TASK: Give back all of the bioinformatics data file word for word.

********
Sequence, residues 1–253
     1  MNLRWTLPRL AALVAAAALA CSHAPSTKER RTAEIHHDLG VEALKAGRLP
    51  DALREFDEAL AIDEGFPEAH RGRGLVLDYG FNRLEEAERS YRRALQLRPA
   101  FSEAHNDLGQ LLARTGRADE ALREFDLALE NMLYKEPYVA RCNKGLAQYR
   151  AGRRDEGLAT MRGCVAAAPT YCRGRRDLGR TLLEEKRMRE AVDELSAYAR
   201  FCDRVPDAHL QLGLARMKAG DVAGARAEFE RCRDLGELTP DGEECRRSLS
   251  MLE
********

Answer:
Sequence, residues 1–253
     1  MNLRWTLPRL AALVAAAALA CSHAPSTKER RTAEIHHDLG VEALKAGRLP
    51  DALREFDEAL AIDEGFPEAH RGRGLVLDYG FNRLEEAERS YRRALQLRPA
   101  FSEAHNDLGQ LLARTGRADE ALREFDLALE NMLYKEPYVA RCNKGLAQYR
   151  AGRRDEGLAT MRGCVAAAPT YCRGRRDLGR TLLEEKRMRE AVDELSAYAR
   201  FCDRVPDAHL QLGLARMKAG DVAGARAEFE RCRDLGELTP DGEECRRSLS
   251  MLE